The Easiest Ways Not to Get Hacked

It took three hackers less than a day to decipher the majority of a list of 16,000 encrypted passwords, all because of the laughably easy-to-crack passwords most of us pick to protect our online lives. The most successful guy got 90 percent of the "plains," as hackers call deciphered passwords in 20 hours; the least successful guy just 62 percent of them in about an hour. Yes, it's really that easy. But, rather than sit there, shocked at how little security passwords provide, we should use this Ars Technica article as a lesson in password security. And, the first lesson learned therein is: Never, ever use a six character password. 

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Rule 1: Six characters is too always too short. The very easiest and the first thing all of Ars's hackers did was guess your super weak six character passwords, via what's called a "brute force" attack. See, the most successful of the hackers, Jeremi Gosney, a password expert with Stricture Consulting Group, hacked 62 percent of the list in sixteen minutes because that's how easy it is to guess a code that's just six letters long:

Gosney's first stage cracked 10,233 hashes, or 62 percent of the leaked list, in just 16 minutes. It started with a brute-force crack for all passwords containing one to six characters, meaning his computer tried every possible combination starting with "a" and ending with "//////." Because guesses have a maximum length of six and are comprised of 95 characters—that's 26 lower-case letters, 26 upper-case letters, 10 digits, and 33 symbols—there are a manageable number of total guesses. This is calculated by adding the sum of 956 + 955 + 954 + 953 + 952 + 95. It took him just two minutes and 32 seconds to complete the round, and it yielded the first 1,316 plains of the exercise.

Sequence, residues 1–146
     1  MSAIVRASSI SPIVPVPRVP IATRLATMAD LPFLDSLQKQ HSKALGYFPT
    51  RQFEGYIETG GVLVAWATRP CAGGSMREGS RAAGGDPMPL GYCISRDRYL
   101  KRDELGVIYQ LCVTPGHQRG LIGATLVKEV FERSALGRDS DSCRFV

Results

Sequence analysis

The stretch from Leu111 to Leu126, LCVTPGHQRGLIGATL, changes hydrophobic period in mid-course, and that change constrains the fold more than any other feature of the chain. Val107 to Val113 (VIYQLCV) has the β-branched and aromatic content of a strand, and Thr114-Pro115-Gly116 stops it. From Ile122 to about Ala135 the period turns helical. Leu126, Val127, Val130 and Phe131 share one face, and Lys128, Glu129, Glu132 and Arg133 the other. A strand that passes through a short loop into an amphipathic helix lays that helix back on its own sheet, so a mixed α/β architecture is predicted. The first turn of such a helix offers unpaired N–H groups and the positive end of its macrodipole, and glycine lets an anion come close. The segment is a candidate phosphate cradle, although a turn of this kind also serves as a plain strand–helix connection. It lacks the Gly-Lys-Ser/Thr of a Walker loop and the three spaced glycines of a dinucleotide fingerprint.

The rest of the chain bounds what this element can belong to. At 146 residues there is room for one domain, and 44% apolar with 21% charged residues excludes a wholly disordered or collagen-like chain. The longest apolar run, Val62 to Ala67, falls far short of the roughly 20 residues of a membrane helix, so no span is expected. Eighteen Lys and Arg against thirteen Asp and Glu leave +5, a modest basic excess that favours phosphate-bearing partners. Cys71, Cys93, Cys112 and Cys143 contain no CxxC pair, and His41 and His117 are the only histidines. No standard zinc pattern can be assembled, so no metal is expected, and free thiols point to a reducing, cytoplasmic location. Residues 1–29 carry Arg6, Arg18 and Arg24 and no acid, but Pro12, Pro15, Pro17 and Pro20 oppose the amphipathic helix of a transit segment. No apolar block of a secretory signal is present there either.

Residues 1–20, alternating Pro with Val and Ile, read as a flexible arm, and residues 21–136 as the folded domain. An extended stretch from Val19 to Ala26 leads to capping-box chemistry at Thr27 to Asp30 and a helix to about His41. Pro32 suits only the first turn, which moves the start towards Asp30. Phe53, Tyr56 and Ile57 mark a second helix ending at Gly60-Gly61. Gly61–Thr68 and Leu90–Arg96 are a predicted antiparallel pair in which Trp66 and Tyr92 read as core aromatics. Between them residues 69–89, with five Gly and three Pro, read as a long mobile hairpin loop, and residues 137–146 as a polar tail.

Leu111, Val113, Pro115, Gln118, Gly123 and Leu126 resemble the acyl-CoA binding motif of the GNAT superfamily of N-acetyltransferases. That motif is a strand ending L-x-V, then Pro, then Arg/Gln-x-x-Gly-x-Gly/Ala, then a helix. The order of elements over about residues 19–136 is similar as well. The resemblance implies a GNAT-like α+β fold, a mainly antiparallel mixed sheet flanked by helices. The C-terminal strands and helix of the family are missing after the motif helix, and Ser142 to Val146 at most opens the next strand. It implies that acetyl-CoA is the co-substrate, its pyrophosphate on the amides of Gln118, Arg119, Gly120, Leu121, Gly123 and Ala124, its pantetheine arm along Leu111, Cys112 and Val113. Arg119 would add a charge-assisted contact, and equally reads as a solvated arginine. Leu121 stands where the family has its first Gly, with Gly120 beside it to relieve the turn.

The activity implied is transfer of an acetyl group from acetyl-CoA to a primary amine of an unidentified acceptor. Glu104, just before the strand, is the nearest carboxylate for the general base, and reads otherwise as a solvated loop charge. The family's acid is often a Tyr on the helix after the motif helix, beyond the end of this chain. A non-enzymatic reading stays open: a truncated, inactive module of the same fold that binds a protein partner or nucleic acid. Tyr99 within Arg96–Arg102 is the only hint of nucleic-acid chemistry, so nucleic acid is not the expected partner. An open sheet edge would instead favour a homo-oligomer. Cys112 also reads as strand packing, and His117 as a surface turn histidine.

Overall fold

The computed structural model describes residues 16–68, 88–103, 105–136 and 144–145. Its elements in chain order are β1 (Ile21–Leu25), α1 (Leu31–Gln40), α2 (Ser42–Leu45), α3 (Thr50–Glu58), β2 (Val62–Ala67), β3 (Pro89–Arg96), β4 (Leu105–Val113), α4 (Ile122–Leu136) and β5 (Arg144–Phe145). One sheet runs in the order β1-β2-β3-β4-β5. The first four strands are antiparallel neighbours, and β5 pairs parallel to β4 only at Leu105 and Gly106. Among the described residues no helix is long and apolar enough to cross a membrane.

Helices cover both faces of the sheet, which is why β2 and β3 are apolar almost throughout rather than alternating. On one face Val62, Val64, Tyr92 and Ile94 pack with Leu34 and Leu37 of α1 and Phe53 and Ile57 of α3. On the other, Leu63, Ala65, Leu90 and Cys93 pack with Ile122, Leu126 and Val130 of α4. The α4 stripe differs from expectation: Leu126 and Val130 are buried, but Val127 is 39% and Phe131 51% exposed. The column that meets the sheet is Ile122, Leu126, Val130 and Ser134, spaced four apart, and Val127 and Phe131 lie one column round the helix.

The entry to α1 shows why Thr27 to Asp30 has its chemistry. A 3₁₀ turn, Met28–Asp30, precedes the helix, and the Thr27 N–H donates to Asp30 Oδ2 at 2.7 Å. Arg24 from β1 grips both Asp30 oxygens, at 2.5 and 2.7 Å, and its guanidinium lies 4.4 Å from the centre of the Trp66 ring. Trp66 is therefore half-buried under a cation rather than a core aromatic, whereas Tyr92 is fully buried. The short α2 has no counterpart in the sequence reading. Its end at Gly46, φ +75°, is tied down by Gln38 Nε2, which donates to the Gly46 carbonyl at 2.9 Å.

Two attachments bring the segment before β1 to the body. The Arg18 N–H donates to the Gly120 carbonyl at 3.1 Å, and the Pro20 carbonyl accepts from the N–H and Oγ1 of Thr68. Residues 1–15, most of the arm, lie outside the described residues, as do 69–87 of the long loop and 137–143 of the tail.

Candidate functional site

"Normally I start by brute-forcing all characters from length one to length six because even on a single GPU, this attack completes nearly instantly with fast hashes," Gosney told Ars. 

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Rule 2: So is a seven- and eight-character password, probably. After doing almost nothing to guess six-character passwords, it gets a tiny bit harder for hackers, but not much. For example, Gosney then did more of these types of guessing attacks with different permutations of longer possibilities, trying seven or eight character passwords with only lower case letters, for example. That technique takes mere seconds, and in this case revealed many additional "plains." 

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Rule 3: "Salting" doesn't make six character passwords strong. Many sites boast that their password protection technology uses "salting," meaning it adds random numbers to password hashes thus making it harder for hackers to figure out the original code of these shorter passwords using those brute force attacks. Turns out that's not really that true: 

But the thing about salting is this: it slows down cracking only by a multiple of the number of unique salts in a given list. That means the benefit of salting diminishes with each cracked hash. By cracking the weakest passwords as quickly as possible first (an optimization offered by Hashcat) crackers can greatly diminish the minimal amount of protection salting might provide against cracking.

Plus, a lot of sites don't use salting. So, again: See rules 1 and 2. 

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Rule 4: Don't use real words. The least successful of the hackers, who goes by the handle Radix, guessed 62 percent of the list in about an hour, using a custom compiled dictionary of popular passwords. Just by using a publicly available list of plain text passwords, called the Rock You list, he got 30 percent of the insecure codes and all because a lot of people use the same, common words in their passwords. 

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Rule 5: Just make an 11 character password already. Those first few hacks done by Gosney and Radix are basically password hunting for amateurs. With a couple slightly more sophisticated techniques, bigger graphics cards, and a little more experience, even codes that follow some of the "best practices" get hacked. The very best way not to fall prey to that, however is to create super long, strings of gibberish. As this chart below shows, it gets exponentially harder to crack a code after 8 characters. Ars says use 11 just to be safe: "Readers should take pains to make sure their passwords are a minimum of 11 characters, contain upper- and lower-case letters, numbers, and letters, and aren't part of a pattern."

Image via Shutterstock by Pavel Ignatov